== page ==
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Water treatment by molecularly imprinted polymer nanoparticles

Published online by Cambridge University Press:  31 January 2011

Tino Schreiber
Affiliation:
tino.schreiber@igvt.uni-stuttgart.de, University of Stuttgart, Institute for Interfacial Engineering, Stuttgart, Germany
Achim Weber
Affiliation:
achim.weber@igb.fraunhofer.de, Fraunhofer Gesellschaft, Institute for Interfacial Engineering & Biotechnology, Nobelstr. 12, Stuttgart, 70569, Germany
Klaus Niedergall
Affiliation:
klaus.niedergall@igvt.uni-stuttgart.de, University of Stuttgart, Institute for Interfacial Engineering, Stuttgart, Germany
Jürgen Riegler
Affiliation:
juergen.riegler@igvt.uni-stuttgart.de, University of Stuttgart, Institute for Interfacial Engineering, Stuttgart, Germany
Dieter Bryniok
Affiliation:
dieter.bryniok@igb.fraunhofer.de, Fraunhofer Gesellschaft, Institute for Interfacial Engineering & Biotechnology, Stuttgart, Germany
Thomas Hirth
Affiliation:
Thomas.Hirth@igb.fraunhofer.de, University of Stuttgart, Institute for Interfacial Engineering, Stuttgart, Germany
Guenter E. M. Tovar
Affiliation:
guenter.tovar@igb.fraunhofer.de, University of Stuttgart, Institute for Interfacial Engineering, Stuttgart, Germany
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Abstract

Molecular recognition capabilities are evoked at artificial materials by the NANOCYTES®-technology of the Fraunhofer IGB, Stuttgart, Germany. The biomimetic nanoparticles described here possess such molecularly recognizing properties. For this purpose they carry molecularly defined binding sites at their surface. In this particular case molecularly imprinted nanospheres (nanoMIPs) were developed for the specific adsorption of micropollutants from hospital waste water. Active pharmaceutical substances and their metabolites which were not decomposed by waste water plants were chosen as model compounds. One of this model compounds is Pentoxifylline. The nanoMIPs are prepared by a miniemulsion polymerization technique, where the monomer, the template, the cross-linker, and the initiator do react in the droplet cavities of the miniemulsion. The reaction to obtain nanoMIP particles is complex, but nevertheless it runs in a single reaction chamber and in a single step chemical process. For synthesis of the polymer system p(methacrylicacid-co-ethylenglycoldimethacrylate), p(meth-acrylicacid-co-methylmethacrylate-co-ethylenglycoldimethacrylate) and p(4-vinylpyridin-co-ethylenglycoldimethacrylate) are used. The technique of miniemulsion polymerization results in particles with a typical size distribution of 50 nm to 500 nm. Additionally, an introduced magnetic core will allow the final separation of the nanoMIPs and more important of the recognized pollutants from (waste) water. We demonstrate that magnetite can be incorporated into the polymer system, and that the template Pentoxifylline does not affect the polymerization process.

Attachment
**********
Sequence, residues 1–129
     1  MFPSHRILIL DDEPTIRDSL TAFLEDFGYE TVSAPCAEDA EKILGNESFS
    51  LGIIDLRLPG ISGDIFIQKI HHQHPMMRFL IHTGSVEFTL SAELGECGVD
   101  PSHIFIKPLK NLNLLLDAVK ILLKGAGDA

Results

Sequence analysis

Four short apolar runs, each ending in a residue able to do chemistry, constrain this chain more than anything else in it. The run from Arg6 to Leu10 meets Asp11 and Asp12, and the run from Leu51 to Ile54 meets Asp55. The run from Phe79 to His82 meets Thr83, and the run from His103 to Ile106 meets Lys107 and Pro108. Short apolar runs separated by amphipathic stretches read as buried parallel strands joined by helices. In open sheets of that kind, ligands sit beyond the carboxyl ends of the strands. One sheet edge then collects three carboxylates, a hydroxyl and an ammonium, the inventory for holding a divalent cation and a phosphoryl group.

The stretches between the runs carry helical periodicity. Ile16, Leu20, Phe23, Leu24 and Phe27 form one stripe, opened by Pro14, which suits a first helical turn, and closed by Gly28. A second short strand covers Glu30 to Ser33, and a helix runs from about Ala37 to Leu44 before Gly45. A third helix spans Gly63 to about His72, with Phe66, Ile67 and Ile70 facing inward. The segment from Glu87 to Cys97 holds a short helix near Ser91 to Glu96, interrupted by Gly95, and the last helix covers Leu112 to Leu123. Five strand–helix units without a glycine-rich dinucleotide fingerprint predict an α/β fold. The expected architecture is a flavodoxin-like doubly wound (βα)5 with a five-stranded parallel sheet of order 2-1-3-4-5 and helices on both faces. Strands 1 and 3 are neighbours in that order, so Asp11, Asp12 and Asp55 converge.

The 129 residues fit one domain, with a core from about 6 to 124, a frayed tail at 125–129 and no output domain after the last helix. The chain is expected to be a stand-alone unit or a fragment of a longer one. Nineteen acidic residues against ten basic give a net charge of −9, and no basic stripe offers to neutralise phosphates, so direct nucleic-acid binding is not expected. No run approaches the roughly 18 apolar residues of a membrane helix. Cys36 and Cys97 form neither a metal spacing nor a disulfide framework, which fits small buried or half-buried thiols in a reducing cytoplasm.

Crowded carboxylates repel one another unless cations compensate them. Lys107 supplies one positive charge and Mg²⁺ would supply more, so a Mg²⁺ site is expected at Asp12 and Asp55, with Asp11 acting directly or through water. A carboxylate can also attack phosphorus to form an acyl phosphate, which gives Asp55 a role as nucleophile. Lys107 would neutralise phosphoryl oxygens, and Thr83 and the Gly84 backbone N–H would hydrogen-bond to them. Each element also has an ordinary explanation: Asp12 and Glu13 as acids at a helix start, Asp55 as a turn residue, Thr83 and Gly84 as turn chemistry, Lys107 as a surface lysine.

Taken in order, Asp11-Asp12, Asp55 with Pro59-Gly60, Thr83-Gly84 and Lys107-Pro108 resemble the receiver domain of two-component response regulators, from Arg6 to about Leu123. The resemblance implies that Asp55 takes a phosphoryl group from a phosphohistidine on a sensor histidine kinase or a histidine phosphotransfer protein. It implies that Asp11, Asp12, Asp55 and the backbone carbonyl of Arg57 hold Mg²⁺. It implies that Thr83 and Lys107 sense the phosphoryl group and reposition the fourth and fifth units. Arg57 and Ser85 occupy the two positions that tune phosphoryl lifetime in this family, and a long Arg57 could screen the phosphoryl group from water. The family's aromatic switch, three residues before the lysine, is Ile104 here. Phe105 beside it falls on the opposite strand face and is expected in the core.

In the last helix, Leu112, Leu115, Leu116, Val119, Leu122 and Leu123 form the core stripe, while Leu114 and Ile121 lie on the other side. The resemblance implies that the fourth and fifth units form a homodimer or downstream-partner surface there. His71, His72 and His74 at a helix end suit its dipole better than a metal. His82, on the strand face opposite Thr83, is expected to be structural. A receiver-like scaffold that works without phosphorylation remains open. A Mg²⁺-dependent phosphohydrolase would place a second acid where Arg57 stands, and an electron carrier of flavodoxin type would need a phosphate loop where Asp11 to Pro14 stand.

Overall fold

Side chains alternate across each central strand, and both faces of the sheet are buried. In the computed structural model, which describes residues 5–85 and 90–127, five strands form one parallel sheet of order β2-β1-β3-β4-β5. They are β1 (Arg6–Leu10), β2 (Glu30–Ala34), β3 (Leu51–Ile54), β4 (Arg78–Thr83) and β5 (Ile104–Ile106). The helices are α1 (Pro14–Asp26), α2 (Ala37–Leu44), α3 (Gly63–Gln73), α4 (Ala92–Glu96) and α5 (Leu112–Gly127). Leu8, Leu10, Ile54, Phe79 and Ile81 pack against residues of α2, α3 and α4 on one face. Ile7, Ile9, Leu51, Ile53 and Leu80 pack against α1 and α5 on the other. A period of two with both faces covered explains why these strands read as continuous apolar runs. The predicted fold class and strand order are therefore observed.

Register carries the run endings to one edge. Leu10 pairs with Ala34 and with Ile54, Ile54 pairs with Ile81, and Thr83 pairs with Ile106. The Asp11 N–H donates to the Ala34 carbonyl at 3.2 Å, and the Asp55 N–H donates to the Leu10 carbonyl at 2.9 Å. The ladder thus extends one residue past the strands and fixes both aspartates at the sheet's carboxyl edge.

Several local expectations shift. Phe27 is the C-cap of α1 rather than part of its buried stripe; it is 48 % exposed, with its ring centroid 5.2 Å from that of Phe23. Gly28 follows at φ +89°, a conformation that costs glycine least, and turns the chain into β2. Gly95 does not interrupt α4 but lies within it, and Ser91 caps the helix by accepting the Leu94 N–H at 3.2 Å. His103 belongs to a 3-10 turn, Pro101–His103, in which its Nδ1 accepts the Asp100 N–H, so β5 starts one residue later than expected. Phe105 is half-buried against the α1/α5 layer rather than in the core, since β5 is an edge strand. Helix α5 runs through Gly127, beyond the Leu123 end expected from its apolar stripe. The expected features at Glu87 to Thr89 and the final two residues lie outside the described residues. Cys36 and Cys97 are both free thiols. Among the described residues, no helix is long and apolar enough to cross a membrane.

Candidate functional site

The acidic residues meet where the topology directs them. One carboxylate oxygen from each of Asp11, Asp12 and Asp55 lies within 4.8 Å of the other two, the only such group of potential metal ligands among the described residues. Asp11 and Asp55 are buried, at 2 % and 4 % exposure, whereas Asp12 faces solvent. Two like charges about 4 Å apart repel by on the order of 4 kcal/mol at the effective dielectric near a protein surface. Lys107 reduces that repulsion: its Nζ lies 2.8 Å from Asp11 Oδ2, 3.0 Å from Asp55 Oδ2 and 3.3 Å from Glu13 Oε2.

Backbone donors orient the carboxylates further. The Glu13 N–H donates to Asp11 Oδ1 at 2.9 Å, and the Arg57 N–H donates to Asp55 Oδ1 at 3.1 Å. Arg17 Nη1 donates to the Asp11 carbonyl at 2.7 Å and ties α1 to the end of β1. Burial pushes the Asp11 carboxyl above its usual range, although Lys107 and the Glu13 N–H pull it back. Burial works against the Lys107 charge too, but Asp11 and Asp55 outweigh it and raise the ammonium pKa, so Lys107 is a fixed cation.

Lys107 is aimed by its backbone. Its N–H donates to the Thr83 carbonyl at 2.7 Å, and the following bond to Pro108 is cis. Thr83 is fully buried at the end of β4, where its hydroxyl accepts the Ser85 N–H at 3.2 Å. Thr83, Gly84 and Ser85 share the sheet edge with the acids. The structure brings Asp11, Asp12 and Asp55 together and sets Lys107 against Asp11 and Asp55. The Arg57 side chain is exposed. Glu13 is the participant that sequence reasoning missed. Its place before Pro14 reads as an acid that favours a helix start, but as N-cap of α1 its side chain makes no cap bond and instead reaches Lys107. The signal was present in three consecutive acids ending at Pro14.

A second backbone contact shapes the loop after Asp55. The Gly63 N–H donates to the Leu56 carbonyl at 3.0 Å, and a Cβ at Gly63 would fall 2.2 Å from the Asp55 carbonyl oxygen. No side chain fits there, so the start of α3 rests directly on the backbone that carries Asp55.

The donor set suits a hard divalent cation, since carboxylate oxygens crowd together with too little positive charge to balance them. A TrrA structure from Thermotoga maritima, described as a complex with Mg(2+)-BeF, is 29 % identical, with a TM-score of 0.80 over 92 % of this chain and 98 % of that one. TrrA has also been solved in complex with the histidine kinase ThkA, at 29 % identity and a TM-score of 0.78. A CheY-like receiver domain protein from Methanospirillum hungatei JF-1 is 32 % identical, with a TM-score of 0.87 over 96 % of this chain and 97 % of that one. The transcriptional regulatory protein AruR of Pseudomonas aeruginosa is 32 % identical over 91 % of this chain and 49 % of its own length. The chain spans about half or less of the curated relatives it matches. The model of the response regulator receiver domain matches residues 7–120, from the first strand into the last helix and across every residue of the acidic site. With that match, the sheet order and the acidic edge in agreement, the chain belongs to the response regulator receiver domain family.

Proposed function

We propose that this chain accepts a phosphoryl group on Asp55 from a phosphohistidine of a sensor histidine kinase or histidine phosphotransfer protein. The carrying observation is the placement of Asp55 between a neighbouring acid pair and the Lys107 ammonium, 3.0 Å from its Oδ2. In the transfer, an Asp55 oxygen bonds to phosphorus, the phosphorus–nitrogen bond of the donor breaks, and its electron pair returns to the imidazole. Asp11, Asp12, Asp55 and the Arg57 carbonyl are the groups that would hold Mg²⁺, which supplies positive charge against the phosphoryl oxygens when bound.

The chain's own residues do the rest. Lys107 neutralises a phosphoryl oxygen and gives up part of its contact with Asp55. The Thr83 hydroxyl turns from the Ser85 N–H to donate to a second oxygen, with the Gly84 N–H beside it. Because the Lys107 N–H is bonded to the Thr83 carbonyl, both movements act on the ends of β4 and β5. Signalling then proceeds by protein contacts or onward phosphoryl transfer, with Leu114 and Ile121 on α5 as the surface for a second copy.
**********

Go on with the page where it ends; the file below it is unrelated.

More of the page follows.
Type
Research Article
Copyright
Copyright © Materials Research Society 2009

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References

1 Vaihinger, D., Landfester, K., .Kräuter, I et al., Macromolecular Chemistry and Physics 203, 1965 (2002).3.0.CO;2-C>CrossRefGoogle Scholar
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3 Herold, M., Tovar, G. E. M, Gruber, C. et al., Polymer Prepr. 46 (2), 1125 (2005).Google Scholar
4 Weber, A., Dettling, M., Brunner, H. et al., Macromolecular Rapid Communications 23 (14), 824 (2002).3.0.CO;2-P>CrossRefGoogle Scholar
5 Moehle, E., Kempter, C., Kern, A., Metzger, J. W, Acta hydrochim. hydrobiol. 27 (1999) 6, 430.Google Scholar
6 Landfester, K. and Ramirez, L. P., Journal of Physics: Condensed Matter 15 (15), 1345 (2003).Google Scholar

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